8. says:

    Primarily a profile of John Miller, a prominent beekeeper who produces a huge amount of America s honey he owns literally billions of bees Also gives you a good glimpse into the complex social and biological lives of bees, and looks briefly into Colony Collapse Disorder CCD Two potential causes 1 Israeli Acute Paralysis Virus, or IAPV, which is carried on RNA, kind of like AIDS in humans IAPV is correlated strongly like, 90% with CCD, though nobody can say for sure it s the cause It could be a symptom, or a coincidence 2 Could also be Nosema ceranae, a new fungus from Asia It s related to nosema apis a common fungus that s been around for a while and doesn t cause massive bee loss on the same scale as its relative and probably works by increasing toxicity of pesticides I also found this super interesting The insect kingdom enjoys little cell repair Humans relate poorly to this truth If a bee is sick, she doesn t get better If she breaks a leg, it doesn t heal If she ruptures her exoskeletal protection, she dries out and dies If her wings are too warm to fly, she dies I listened to on audiobook, and I swear to God I fell a little in love with the voice that reads it It s so evocative and emotionally charged when she says things like this poignant passage Amid all this chaos, the queen sits like a rockstar in a moshpit, laying eggs, encircled by fawning workers attending to her every need That s what a healthy hive looks like But when a colony collapses, when the population dwindles, when the incubating larvae get too cold, when the workers expire in a huddled, fluttering mass inside the hive, or crawl out the entrances to die away from home, and when the queen finally dies too then it is an entirely different scene.Scattered, disheartened survivors, plundering robber bees and wax moths, filth and rot and ruin and invasion, and death creeping in, like a neighborhood abandoned to the junkies And when that happens, the real tragedy is not simply the loss of the 60,000 or even 80,000 insignificant and perhaps soulless individuals but of the future That sort of loss is harder to comprehend The death of a hive is both mindnumbingly ordinary, and mindblowingly sad

  9. says:

    A few years ago I was reading bits and pieces about the mystery of the disappearing honeybee when it came up in the news, though as with most things the idea of yet another thing going horribly wrong just kind of overwhelmed me and I let it slide by lest my head explode Fast forward upon reading a random article on beekeeping the other day and finding myself fascinated with the whole affair I decided it was time to pick up a few books on the creature I really didn t think I d enjoy this admittedly I ve read way too many books of the variety in which a journalist tags along and reports on someone s life and their role in the focal subject and I ve been shying away from that style lately But once Nordhaus sets the context of the primary beekeeper, John Miller, he is only drawn upon to supplement the wider story of bees and beekeeping And with great effect His term for the aggressive Africanized bee had me giggling behavior challenged bees , as I imagined the bees akin to toddlers running amok, in need of shots of ritalin joke and social skills classes.In fact, this is currently my favorite style of non fiction book when I want to learn something while also hoping to really enjoy the subject At first I was eager to read about JUST honeybee science and behavior but Nordhaus covers all angles expertly She takes a broad scope, covering each topic just enough before transitioning into yet another fascinating aspect Beekeeping history, science, the environmental politics surrounding pollination monocropping, pesticides, the contracting of what in nature is a completely natural event the difficult life of a beekeeper, bee health or lack thereof , the recent scourge of the varroa mite destroyed all feral bee colonies in the US , colony collapse disorder, honey types, means of quality identification and the lack of US government regulation and classification pure honey may be up to 80 percent corn syrup.In addition, the history of the bee is an example of how we meddle with and try to control nature for benefit and profit, only for it to backfire spectacularly From bringing them over in the first place they are not native to North America to the effort by seedless citrus companies in California to institute bee no fly zones as pollination results in seeded, ruined fruit Efforts over the centuries to impregnate queen bees, from clamping the vagina open for insemination to crafting a tiny silver penis I cringe, I cringe and I can t help but be slightly affronted for the bee, whether in gender solidarity or the lengths they went through to accomplish this, I do not know Inbred varroa mite resistant drones that can head off infestations but suck at everything else a bee should do Lawns, green deserts , monocropping, and feeding bees corn syrup while robbing them of honey and the theorizing that the result is malnourished bees that are likely to die en masse.My semi obsession with becoming a beekeeper may pass, but I ll certainly be paying attention rather than vaguely deciding I like the flavor of clover honey over that of desert bloom honey In addition, I ll never look at my endless tubes of Burt s Bees chapstick the same way again.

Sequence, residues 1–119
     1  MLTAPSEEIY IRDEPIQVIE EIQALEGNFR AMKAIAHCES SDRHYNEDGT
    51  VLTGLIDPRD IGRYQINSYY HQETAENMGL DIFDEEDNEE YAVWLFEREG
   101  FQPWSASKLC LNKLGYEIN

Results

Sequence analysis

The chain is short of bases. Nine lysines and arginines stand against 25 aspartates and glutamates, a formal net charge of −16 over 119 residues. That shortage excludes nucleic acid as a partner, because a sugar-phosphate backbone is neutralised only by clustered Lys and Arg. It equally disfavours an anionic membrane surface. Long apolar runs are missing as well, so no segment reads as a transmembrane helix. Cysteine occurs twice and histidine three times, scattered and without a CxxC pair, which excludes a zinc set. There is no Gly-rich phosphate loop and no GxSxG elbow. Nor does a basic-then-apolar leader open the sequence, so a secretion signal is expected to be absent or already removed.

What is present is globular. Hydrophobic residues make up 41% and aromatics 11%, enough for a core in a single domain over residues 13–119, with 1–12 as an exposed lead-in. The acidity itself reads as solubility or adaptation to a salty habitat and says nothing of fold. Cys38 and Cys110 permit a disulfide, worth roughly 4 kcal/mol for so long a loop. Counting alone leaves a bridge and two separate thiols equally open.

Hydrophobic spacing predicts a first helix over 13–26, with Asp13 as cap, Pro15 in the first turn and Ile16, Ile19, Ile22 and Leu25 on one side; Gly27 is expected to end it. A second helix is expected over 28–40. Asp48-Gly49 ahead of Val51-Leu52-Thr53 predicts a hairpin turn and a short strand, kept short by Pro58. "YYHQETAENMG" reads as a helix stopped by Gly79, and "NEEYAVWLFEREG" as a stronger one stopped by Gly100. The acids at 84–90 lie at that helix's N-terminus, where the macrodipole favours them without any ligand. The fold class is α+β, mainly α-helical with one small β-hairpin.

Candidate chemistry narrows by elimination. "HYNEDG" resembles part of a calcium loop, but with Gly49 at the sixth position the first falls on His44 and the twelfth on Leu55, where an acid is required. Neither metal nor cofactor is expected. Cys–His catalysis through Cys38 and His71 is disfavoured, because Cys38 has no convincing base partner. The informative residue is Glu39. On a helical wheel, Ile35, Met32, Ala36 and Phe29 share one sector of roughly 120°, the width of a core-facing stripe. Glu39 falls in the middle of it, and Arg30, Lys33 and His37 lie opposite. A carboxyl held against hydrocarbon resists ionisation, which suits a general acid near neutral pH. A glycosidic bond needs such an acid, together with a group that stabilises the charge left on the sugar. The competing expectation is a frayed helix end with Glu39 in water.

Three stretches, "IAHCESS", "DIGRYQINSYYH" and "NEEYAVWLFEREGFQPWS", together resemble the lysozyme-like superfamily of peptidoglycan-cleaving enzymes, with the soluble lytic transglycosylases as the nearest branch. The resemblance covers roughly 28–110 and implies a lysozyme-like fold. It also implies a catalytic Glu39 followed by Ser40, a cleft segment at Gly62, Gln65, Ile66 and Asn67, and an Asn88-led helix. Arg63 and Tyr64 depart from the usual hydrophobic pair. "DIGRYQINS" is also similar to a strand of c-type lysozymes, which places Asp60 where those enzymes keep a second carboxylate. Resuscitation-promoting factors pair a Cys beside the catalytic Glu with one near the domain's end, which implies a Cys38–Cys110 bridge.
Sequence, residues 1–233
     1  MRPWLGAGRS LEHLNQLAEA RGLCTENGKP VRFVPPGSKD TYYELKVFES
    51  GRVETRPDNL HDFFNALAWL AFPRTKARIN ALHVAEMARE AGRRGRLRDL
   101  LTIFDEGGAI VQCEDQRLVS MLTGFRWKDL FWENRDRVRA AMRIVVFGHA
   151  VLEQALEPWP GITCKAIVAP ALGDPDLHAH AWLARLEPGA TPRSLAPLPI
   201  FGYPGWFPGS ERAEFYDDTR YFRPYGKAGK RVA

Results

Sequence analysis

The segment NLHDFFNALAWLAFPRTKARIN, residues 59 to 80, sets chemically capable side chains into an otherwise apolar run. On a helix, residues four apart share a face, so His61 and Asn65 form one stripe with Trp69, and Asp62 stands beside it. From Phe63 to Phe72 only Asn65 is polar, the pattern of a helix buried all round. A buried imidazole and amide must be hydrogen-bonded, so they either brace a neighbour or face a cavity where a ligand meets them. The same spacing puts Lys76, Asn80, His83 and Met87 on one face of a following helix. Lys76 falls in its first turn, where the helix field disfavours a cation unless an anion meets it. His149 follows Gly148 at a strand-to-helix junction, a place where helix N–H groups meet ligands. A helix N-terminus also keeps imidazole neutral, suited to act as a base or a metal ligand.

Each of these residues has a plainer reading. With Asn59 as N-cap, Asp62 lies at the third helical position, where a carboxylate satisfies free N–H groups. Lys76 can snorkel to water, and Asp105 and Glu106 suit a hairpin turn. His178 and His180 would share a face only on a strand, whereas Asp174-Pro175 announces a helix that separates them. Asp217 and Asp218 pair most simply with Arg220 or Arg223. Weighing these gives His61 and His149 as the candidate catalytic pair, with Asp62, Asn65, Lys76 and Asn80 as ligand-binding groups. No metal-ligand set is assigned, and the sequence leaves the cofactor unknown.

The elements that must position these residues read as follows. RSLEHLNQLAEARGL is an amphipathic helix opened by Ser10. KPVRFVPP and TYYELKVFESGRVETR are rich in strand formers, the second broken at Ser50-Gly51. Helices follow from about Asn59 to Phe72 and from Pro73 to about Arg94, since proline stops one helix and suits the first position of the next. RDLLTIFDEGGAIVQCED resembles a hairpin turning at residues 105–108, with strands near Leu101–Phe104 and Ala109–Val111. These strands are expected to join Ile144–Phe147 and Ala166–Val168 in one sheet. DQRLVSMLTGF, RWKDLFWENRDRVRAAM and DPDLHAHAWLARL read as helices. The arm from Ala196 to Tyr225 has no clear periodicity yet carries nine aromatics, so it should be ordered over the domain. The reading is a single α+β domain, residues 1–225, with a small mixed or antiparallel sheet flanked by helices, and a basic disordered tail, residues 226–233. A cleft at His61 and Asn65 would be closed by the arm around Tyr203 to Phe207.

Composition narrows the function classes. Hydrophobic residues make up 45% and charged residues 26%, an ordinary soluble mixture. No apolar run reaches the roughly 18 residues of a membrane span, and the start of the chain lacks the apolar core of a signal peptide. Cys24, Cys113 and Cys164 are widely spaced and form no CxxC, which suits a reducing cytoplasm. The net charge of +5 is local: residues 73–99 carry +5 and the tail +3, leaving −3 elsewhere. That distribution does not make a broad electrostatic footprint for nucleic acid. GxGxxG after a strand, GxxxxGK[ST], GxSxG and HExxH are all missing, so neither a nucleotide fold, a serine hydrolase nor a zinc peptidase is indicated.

10. says:

    If you ve ever had any questions about the reoccurring media interest in the demise of the honey bee and how it relates to agriculture and even to us personally as consumers this is THE book to read A well researched, fascinating account that will hopefully have conscientious readers deciding to make changes in regard to their own lawns and what products and plants they choose to use in their own yards I for one will definitely be planting flowers Informative, interesting and well written Highly recommended 5 stars simply because everyone should be aware of the facts presented in this short but very enlightening book.